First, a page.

Nov 27, 2013Hysterectomized Women May Benefit from Testosterone
Boston – Hysterectomy and oophorectomy (the removal of ovaries) are performed to treat various diseases in women, including cancer. These procedures are accompanied not only by a decline in estrogen but also testosterone levels in the blood. Many women who have undergone surgical removal of their uterus and/or ovaries can develop symptoms of sexual dysfunction, fatigue, low mood and decreased muscle mass. New research from Brigham and Women’s Hospital (BWH) has found that testosterone administration in women with low testosterone levels, whom previously had undergone hysterectomy with or without oophorectomy, was associated with improvements in sexual function, muscle mass and physical function. This research appears in the November 27, 2013 online issue of Menopause.
“Recently, there has been a lot of interest in testosterone treatment in postmenopausal women for sexual dysfunction and other various health conditions. However, no previous studies have evaluated the benefits and negative effects of testosterone replacement over a wide range of doses,” explained Grace Huang, MD, a research physician in BWH’s Department of Endocrinology and lead author on this study.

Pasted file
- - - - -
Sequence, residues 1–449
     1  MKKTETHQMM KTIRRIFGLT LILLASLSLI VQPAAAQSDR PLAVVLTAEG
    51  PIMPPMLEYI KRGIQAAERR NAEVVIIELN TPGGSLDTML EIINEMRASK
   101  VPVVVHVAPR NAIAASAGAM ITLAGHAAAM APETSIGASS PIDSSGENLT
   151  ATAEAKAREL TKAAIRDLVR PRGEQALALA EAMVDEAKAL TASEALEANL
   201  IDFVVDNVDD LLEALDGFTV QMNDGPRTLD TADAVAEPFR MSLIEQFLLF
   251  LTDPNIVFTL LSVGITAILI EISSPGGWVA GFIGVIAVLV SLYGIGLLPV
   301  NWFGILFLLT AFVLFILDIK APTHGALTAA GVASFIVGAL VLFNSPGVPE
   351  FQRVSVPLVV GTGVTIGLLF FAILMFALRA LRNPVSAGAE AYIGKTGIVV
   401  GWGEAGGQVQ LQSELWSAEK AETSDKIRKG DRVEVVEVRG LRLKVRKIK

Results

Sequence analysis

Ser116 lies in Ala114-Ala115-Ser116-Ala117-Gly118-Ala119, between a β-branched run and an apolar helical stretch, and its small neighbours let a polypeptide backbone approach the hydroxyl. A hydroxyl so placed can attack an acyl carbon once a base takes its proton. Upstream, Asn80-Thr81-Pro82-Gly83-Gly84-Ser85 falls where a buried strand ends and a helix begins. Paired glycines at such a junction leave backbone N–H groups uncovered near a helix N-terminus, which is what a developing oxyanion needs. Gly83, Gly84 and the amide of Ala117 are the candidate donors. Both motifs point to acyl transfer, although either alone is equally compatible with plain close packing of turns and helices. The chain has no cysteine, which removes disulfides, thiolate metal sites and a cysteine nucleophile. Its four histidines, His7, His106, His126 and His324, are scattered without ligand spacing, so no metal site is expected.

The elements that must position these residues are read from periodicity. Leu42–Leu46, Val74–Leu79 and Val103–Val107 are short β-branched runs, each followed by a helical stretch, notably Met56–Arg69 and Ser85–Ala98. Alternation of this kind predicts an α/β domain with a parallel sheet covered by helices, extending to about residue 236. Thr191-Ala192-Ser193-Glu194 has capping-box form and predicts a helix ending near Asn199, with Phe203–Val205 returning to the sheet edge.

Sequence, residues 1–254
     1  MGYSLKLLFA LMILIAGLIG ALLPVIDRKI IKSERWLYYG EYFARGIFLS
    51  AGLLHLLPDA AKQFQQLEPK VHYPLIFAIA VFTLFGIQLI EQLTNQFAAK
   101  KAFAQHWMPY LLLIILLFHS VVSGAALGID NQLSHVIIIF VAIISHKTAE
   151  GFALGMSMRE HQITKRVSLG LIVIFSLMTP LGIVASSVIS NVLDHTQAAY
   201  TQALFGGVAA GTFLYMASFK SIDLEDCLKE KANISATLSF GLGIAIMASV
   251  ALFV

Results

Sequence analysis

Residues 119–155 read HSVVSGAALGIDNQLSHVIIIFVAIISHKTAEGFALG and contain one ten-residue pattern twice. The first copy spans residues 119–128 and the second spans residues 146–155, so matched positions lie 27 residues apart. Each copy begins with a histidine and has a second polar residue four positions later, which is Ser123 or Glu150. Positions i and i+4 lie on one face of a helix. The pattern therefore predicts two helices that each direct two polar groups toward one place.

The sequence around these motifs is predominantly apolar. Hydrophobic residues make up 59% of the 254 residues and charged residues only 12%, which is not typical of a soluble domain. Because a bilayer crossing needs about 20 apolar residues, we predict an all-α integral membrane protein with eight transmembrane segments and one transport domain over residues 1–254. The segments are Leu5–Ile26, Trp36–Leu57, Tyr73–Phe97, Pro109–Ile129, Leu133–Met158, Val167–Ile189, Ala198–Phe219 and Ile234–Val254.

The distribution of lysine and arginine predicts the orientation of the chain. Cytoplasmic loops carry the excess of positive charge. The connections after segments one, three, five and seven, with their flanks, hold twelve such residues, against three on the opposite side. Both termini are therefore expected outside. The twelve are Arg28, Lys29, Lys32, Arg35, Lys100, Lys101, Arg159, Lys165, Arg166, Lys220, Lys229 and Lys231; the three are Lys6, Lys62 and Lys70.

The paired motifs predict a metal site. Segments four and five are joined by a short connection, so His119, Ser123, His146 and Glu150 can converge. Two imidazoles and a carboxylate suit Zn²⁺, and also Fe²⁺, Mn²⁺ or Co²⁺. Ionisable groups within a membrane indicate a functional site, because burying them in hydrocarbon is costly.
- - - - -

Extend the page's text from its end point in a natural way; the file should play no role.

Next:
There has been emerging interest in supplemental hormonal treatment with testosterone for disrupted sexual functioning, loss of muscle mass, physical limitations and osteoporosis in postmenopausal women. In this study, researchers sought to determine the dose-dependent effects of testosterone on sexual function, body composition, muscle performance and physical function in women with low testosterone levels who had undergone hysterectomy with or without oophorectomy. They studied 71 women over the course of 24 weeks. Participants were randomly assigned either to placebo or one of four testosterone doses given weekly. They found that the higher dose, 25mg, of testosterone tested in this trial after 24 weeks was associated with gains in sexual function, muscle mass and measures of physical performance.
“A primary concern with testosterone therapy is that it can cause symptoms of masculinization among women. These symptoms include unwanted hair growth, acne and lower voice tone. It’s important to note that very few of these side effects were seen in our study,” explained Huang.
Currently the FDA has not approved testosterone therapy for women because of inadequate long-term safety data. The researchers note that longer term studies are needed to determine if testosterone can be given safely to women to improve important health outcomes without inducing other health risks such as heart disease and breast cancer.
This study was supported by the National Institute of Child Health and Human Development and the National Institute on Aging under principal investigator Dr. Shalender Bhasin. Dr. Bhasin has received research grant support from Abbott Pharmaceuticals and Eli Lilly and Co. for investigator-initiated research unrelated to this study. Dr. Bhasin has served as a consultant to Regeneron, Merck, and Eli Lilly and Co. Dr. Huang has disclosed no relevant financial relationships.
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